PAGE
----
I VIVIDLY remember watching Davina McCall’s first documentary Sex, Myths and the Menopause on Channel 4.

Others had already previously been vocal on this issue including Kirsty Wark, who shared her experiences through the BBC’s Menopause and Me. It is such a complex subject and affects everyone so differently. However, it was when I saw the second episode of Sex, Mind and the Menopause focusing on issues including the workplace that I was stopped in my tracks.

Contributions from neuroscientists in the University of Arizona revealed the impact of the drop in oestrogen caused by menopausal changes on brain function. According to Dr Roberta Diaz Brinton, "sucking it up is deleterious to women’s long-term health". On a very literal level, without oestrogen, neurons age faster.

Then if we look at context, expectations of working age have been extended to 68 and women of menopausal or perimenopausal age are the fastest growing demographic in our workforce – currently 5.9m in the UK – based on ONS data.

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At work 44% are affected – often with a resulting lack in confidence and brain fog amongst many other symptoms whilst they are potentially at the peak of their career, with more than women looking to leave their jobs due to their menopausal symptoms according to Koru Kids’ research.

Given the current cross-sectoral recruitment challenges being experienced and with governments keen to incentivise more people back into work, it is absolutely worth highlighting that there’s a significant opportunity to create a supportive environment to retain this crucial demographic in the first place as they go through this natural life transition.

British Chambers of Commerce (BCC) launched research last week, with more than 4,000 people responding, focusing on the perceived impact of a range of issues on a person’s career, including the menopause, as well as the support available.

Nearly 75 per cent of women feel there isn’t sufficient support for those experiencing menopause and one in three women who have gone through menopause felt that it impacted their career negatively.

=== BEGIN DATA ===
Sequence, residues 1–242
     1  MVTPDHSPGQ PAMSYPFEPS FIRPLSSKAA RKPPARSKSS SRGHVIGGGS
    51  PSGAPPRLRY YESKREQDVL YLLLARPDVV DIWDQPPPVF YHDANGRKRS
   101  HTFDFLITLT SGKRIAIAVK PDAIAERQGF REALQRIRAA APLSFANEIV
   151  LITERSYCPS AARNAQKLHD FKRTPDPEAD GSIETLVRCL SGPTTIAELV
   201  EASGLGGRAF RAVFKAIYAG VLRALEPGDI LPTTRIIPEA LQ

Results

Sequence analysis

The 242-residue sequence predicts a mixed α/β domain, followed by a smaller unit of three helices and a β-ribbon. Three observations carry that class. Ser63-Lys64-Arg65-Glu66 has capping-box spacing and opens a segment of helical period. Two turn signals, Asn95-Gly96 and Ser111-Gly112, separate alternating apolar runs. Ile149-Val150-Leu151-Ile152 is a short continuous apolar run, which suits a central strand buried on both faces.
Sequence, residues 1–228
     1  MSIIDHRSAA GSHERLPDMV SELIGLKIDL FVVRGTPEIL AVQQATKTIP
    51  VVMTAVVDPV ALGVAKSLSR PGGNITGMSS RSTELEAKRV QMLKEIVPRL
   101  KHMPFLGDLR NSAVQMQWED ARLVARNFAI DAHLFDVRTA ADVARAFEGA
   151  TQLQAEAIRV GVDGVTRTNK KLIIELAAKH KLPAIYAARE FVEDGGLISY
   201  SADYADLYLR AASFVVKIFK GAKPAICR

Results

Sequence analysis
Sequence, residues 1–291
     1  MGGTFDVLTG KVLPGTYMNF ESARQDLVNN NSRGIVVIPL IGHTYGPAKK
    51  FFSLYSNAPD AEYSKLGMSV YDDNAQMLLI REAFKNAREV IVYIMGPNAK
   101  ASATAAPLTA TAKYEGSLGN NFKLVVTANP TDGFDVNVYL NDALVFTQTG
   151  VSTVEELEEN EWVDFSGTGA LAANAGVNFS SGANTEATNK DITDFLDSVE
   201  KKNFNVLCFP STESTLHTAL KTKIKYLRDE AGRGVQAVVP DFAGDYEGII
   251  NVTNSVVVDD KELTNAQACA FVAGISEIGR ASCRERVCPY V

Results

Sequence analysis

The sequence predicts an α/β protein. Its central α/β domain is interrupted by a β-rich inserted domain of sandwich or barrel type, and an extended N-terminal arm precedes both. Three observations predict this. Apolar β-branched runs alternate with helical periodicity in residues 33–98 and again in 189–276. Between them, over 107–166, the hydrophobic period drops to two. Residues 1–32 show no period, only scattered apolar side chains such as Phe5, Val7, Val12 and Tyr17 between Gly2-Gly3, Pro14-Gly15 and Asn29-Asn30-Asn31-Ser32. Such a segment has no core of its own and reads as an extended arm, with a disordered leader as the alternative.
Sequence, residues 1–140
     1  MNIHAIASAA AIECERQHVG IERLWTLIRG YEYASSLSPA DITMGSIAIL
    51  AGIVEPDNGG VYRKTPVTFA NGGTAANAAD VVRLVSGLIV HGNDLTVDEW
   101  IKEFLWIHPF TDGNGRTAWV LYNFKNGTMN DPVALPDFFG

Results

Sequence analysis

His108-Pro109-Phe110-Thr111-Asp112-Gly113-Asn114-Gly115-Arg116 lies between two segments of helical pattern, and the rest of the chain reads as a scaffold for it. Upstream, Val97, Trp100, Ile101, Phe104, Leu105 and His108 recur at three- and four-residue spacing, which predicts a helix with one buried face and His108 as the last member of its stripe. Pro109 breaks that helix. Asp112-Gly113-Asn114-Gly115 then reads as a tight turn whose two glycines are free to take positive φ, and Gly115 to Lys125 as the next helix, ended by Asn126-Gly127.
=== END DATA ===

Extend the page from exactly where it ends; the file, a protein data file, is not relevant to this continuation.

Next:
According to BCC Director General, Shevaun Havilland, women want a level playing field. They don’t want handouts or a hand-up. Tackling these issues is integral not only to the wellbeing of women and workplaces, it’s crucial to the functioning of any strong economy.

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These stark findings have resulted in prompt action by BCC and a three-year gender equity campaign is being established to address the issues.

Thankfully, we have moved on from Dr Edward Tilt’s position in 1857 in the first full-length work in English on menopause – referred to as "the nervous and other affections incidental to women at the decline of life" – setting a stigma and tone which we are still wrestling with today. We do, however, still have a long way to go.

There are already some good examples of businesses who have taken definitive action in this area, including Balfour Beatty and BAE Systems, all of whom have Menopause Friendly Accreditation.

Just this month we saw legal firm TLT recognising that menopause is a natural stage of any woman’s career and are building on their flexible working approach to support. They have introduced free menopause testing, a menopause toolkit for managers and menopause champion network to enable discussion and help sensitively manage any challenges the menopause may bring.

It directly affects 50% of the population but in reality, it affects us all. We all have a duty of care to enable relevant support for this largest-growing area of our workforce.

However, we also have a role to play to remove the barriers experienced now in support of the next generation where, according to the aforementioned BCC research, nearly 40% amongst those who are yet to experience it are already concerned about missing out on career opportunities due to the menopause.

Speaking out in a kind, compassionate and constructive way is so important. Providing protective scaffolding for women and supporting them to realise their full potential is surely a win-win for our economy

Alison McRae is Senior Director of Glasgow Chamber of Commerce